The following are excerpts from Vilém Flusser’s Towards a Philosophy of Photography (London: Reaktion Books, 2000).
Images are mediations between the world and human beings. Human beings ‘ex-ist’, i.e. the world is not immediately accessible to them and therefore images are needed to make it comprehensible. However, as soon as this happens, images come between the world and human beings. They are supposed to be maps but they turn into screens: Instead of representing the world, they obscure it until human beings’ lives finally become a function of the images they create. Human beings cease to decode the images and instead project them, still encoded, into the world ‘out there’, which meanwhile itself becomes like an image – a context of scenes, of state of things. This reversal of function of the image can be called ‘idolatry’; we can observe the process at work in the present day: The technical images currently all around us are in the process of magically reconstructing our ‘reality’ and turning it into a ‘global image scenario’. Essentially this is a question of ‘amnesia’. Human beings forget they created the images in order to orient themselves in the world. Since they are no longer able to decode them, their lives become a function of their own images: Imagination has turned into hallucination. (pp 9-10)
The struggle of writing against the image – historical consciousness against magic – runs throughout history. With writing, a new ability was born called ‘conceptual thinking’ which consisted of abstracting lines from surfaces, i.e. producing and decoding them. Conceptual thought is more abstract than imaginative thought as all dimensions are abstract from phenomena – with the exception of straight lines. Thus with the invention of writing, human beings took one step further back from the world. Texts do not signify the world; they signify the images they tear up. Hence, to decode texts means to discover the images signified by them. The intention of texts is to explain images, while that of concepts is to make ideas comprehensible. In this way, texts are a metacode of images.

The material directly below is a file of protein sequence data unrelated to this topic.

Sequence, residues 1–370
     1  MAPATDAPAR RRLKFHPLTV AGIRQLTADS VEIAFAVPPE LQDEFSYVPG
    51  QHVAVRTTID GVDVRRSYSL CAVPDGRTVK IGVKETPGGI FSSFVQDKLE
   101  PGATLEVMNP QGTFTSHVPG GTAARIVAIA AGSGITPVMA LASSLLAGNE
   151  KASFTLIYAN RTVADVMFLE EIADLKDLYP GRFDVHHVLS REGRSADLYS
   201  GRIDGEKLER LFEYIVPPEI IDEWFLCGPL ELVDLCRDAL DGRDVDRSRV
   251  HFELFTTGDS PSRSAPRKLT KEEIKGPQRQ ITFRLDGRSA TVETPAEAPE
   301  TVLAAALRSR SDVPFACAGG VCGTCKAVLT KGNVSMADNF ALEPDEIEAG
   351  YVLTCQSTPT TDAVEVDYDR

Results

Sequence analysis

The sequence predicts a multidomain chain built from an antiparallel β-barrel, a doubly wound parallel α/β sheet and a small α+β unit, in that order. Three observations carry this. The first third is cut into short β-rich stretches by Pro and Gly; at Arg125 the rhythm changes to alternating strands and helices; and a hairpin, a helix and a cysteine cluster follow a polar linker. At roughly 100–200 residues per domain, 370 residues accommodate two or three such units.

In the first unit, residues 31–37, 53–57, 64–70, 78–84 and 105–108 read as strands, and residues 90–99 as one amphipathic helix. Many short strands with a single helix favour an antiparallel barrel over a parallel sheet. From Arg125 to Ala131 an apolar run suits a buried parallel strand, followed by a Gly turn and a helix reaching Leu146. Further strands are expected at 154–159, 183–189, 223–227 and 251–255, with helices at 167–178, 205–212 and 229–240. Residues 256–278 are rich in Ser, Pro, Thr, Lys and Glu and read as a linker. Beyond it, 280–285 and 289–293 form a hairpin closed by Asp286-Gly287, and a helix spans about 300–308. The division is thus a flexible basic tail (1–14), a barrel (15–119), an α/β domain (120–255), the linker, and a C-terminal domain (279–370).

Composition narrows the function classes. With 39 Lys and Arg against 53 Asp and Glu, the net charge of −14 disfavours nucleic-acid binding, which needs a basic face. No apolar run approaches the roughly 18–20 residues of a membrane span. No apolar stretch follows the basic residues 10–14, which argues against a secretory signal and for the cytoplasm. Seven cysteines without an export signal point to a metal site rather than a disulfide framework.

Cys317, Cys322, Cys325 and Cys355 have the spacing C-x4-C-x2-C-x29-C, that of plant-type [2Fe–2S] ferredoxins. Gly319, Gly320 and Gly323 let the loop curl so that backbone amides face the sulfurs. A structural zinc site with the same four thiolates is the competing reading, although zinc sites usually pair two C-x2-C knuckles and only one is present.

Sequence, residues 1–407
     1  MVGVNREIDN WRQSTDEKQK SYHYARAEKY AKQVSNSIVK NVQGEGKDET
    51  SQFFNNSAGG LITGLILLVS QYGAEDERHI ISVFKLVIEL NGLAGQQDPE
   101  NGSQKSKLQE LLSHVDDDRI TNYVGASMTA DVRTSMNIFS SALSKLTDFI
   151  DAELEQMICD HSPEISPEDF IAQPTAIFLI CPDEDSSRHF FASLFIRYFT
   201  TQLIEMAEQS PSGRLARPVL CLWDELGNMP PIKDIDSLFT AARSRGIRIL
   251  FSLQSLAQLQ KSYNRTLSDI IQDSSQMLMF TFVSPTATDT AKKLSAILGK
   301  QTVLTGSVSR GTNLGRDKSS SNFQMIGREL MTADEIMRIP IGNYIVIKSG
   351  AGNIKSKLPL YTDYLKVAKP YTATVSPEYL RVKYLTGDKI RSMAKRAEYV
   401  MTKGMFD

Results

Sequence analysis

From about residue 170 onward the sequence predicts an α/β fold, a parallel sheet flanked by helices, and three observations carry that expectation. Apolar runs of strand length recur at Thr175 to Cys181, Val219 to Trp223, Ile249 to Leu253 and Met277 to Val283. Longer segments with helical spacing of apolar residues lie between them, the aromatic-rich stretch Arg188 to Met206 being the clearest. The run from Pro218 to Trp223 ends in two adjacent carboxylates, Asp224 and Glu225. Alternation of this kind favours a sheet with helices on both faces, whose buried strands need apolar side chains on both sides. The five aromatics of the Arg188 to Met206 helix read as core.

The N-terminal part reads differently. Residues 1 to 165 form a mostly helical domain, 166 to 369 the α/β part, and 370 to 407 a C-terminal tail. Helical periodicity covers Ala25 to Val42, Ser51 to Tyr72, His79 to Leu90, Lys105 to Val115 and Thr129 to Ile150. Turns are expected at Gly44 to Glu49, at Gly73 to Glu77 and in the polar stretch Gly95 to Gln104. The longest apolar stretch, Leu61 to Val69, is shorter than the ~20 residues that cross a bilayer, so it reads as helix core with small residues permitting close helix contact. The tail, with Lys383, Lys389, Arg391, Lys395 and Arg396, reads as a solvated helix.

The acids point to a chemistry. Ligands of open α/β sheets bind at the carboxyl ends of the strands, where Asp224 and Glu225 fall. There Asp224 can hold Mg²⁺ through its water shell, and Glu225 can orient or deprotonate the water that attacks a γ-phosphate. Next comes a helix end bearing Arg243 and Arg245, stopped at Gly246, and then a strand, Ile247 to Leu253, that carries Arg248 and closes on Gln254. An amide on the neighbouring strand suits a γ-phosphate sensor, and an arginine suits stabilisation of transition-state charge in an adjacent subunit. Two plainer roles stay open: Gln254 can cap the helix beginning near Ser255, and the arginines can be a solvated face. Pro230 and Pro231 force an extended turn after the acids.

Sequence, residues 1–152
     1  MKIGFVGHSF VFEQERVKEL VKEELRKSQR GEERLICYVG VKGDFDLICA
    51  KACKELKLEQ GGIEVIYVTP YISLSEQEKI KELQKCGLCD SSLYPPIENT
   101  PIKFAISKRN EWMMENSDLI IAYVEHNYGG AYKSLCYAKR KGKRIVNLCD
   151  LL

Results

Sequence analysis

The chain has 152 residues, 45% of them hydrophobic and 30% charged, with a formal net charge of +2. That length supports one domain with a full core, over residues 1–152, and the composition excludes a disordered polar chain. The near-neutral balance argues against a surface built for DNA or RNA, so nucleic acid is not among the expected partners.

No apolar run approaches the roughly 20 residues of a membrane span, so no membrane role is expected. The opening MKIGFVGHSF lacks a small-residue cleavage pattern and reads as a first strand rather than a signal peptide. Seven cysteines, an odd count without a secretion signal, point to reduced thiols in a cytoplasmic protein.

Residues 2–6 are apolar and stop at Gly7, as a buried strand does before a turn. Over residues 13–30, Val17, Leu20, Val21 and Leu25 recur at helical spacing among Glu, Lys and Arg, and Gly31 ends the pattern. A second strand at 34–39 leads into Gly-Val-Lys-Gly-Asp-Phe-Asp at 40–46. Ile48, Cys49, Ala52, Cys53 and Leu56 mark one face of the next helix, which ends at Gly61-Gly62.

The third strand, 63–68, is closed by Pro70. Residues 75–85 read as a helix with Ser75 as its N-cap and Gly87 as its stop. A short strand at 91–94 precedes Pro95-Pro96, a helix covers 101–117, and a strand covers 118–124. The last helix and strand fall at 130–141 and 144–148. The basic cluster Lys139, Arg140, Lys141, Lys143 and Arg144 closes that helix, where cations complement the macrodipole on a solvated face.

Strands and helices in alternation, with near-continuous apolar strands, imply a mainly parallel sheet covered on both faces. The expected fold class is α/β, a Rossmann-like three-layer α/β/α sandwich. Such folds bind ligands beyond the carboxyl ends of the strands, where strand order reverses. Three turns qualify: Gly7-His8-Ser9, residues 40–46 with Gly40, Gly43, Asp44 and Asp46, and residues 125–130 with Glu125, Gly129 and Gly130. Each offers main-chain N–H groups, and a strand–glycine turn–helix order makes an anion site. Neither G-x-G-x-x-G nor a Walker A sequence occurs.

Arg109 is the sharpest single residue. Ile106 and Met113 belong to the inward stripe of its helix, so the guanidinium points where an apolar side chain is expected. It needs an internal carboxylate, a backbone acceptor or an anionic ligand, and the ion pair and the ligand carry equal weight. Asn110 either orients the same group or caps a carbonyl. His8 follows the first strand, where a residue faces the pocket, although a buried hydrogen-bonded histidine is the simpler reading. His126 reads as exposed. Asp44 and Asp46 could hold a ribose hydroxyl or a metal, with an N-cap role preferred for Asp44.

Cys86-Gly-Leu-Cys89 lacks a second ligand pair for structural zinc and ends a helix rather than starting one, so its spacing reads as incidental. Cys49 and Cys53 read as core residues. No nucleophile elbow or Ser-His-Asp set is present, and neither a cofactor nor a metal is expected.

This raises the question of the relationship between texts and images – a crucial question for history. In the medieval period, there appears to have been a struggle on the part of Christianity, faithful to the text, against idolaters or pagans; in modern times, a struggle on the part of textual science against image-bound ideologies. The struggle is a dialectical one. To the extent that Christianity struggled against paganism, it absorbed images and itself became pagan; to the extent that science struggled against ideologies, it absorbed ideas and itself became ideological. The explanation for this is as follows: Texts admittedly explain images in order to explain them away, but images also illuminate texts in order to make them comprehensible. Conceptual thinking admittedly analyze magical thought in order to clear it out of the way, but magical thought creeps into conceptual thought so as to bestow significance on it. In the course of this dialectical process, conceptual and imaginative thought mutually reinforce one another. In other words, images become more and more conceptual, texts more and more imaginative. Nowadays, the greatest conceptual abstraction is to be found in conceptual images (in computer images, for example); the greatest imagination is to be found in scientific texts. Thus, behind one’s back, the hierarchy of codes is overturned. Texts, originally a metacode of images, can themselves have images as a metacode.